Yu-Gi-Oh! Master Duel on Android is the same game people fell in love with
I've been a fan of Yu-Gi-Oh! ever since I was a little kid, waking up early every weekend to watch the 4Kids-dubbed anime. I started collecting the cards around the same time, and I've amassed well over 1,000 over the years. Though it's been quite some time since I've indulged in a real duel (I dropped after Yu-Gi-Oh! GX aired), I'll come back to it from time to time over video games. Previously this meant loading up Yu-Gi-Oh! Legacy of the Duelist on my Xbox, but now it means playing Yu-Gi-Oh! Master Duel on my Android phone.
Even though you've likely heard of Yu-Gi-Oh!, you may not know exactly how the game works. The short of it is that it's a card game featuring monster, spell, and trap cards, each with their own unique powers and effects. Each player starts out with a specific amount of life points — this can vary, but is usually 4,000 or 8,000 — and the first person to reach zero life points loses. A monster with 2,000 Attack Points (ATK) battling a monster with 1,800 Attack Points would result in the latter being destroyed and the person who summoned it losing 200 life points, for instance. If the card was in defense mode, it would simply result in the card being destroyed with no loss of life points.
It's evolved over the years and become increasingly complex, but the basics are still the same. This made me eager to try out Master Duel to see what's changed and how easy it is to pick up. I tend to gravitate towards the classic decks and dueling styles, but Master Duel offers a lot for Yu-Gi-Oh! fans of all ages, whether that means they were there since the beginning or just got into it.
Playing through the tutorial in Master Duel didn't do much for me, but once I was allowed to really see what the game had to offer, I realized how out of my depth I was. The first real opponent I dueled summoned multiple Pendulum monsters in a single turn, and I had no idea what they were or why they were summoned on the field's spell/trap slots. It was rightfully intimidating.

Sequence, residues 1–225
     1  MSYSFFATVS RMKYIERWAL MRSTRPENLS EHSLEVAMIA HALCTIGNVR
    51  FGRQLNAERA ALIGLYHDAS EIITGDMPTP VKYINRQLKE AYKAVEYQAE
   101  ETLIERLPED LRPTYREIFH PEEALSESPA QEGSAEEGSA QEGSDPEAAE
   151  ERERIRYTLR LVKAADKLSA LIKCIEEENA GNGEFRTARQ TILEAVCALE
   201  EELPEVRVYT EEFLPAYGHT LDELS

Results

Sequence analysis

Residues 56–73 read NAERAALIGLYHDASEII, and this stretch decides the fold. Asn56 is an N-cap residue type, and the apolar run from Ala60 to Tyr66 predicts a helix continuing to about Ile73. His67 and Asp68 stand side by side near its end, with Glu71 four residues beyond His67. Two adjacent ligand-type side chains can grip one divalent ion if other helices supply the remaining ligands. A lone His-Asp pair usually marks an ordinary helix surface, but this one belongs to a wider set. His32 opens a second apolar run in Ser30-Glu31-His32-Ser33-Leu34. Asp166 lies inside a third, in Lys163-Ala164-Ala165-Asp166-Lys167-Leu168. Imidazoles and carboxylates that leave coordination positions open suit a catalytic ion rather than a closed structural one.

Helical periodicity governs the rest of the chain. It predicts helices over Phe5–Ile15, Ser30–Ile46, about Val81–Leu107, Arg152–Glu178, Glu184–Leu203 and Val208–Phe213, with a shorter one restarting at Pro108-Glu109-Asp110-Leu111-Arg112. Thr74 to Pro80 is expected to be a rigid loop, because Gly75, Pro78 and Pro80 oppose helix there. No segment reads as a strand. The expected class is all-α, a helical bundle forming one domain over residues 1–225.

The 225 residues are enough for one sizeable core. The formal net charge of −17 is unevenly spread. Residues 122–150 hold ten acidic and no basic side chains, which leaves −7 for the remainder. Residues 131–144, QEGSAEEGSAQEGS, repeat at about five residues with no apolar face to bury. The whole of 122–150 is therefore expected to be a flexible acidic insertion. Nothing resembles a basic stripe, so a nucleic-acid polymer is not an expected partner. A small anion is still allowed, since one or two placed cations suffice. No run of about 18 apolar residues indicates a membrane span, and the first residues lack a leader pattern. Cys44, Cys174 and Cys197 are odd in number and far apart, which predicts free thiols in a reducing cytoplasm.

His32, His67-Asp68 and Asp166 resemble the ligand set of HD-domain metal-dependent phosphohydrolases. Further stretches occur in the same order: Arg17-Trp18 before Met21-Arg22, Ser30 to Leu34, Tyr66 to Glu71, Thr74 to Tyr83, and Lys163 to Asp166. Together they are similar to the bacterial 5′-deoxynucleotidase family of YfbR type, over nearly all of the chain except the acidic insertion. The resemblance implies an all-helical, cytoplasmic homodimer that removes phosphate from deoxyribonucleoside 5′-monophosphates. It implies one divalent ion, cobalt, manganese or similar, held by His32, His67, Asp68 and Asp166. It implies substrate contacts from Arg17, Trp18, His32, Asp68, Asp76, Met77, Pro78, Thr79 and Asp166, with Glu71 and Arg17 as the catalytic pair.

I can firmly say it isn't the easiest to pick up if you haven't played in ages and don't know all of the new card types or rules, but it's nonetheless fun to play through and challenge others. Anyone itching for a duel will find plenty to love, from its vast selection of cards and tournaments to keep your skills sharp.
Its story mode is nothing special, taking players through generic duels and forgettable scenarios, so if players want a real challenge I'd recommend hitting up its competitive multiplayer. That said, its solo mode is the best way to familiarize yourself with Yu-Gi-Oh!'s newest mechanics with little risk. The Warriors of the Six Elemental Lords section allows you to learn the effects of the aforementioned Elemental Lords and how to take advantage of the Elementsaber ability. Likewise, Duel Strategy goes over much of the basics not covered in the opening tutorial.
One of my biggest issues, at least with the mobile version of Master Duel, is that the text and numbers can be so small that they're sometimes hard to read unless you select a specific card to open up its description. It's definitely not the ideal way to view your cards.
In addition to challenging other players in ranked matches, Master Duel lets you customize and build your own decks. There's a shop for purchasing card packs and structure decks that can be bought with in-game gems earned through dueling or bought outright through microtransactions. A nice little feature that Konami included is when you go to buy a pack, it displays the odds of getting a super rare or ultra rare card. In the first pack I unlocked for 100 gems, I got two super rare cards. What Master Duel does to make opening packs even more fun is that sometimes you can unlock secret packs right afterward, keeping the chain going.
I've only spent a couple of hours with Master Duel, but it's clearly the same Yu-Gi-Oh! that people fell in love with, granting access to decades of nostalgia while teaching the older generation some new tricks. While I'd much rather use physical cards, Master Duel makes Yu-Gi-Oh! accessible to everyone.
Because it's not exactly a graphically-intensive game, it doesn't require a lot from your phone, whether you're playing on one of the best Android Phones or something else. As long as you're device runs Android 6.0 or newer, you're good to go.
Yu-Gi-Oh! Master Duel
The popular trading card game is back again with Yu-Gi-Oh! Master Duel. Challenge other players and collect over 10,000 different cards as you ascend through ranked matches or solo play.
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Jennifer Locke has been playing video games nearly her entire life. You can find her posting pictures of her dog and obsessing over PlayStation and Xbox, Star Wars, and other geeky things.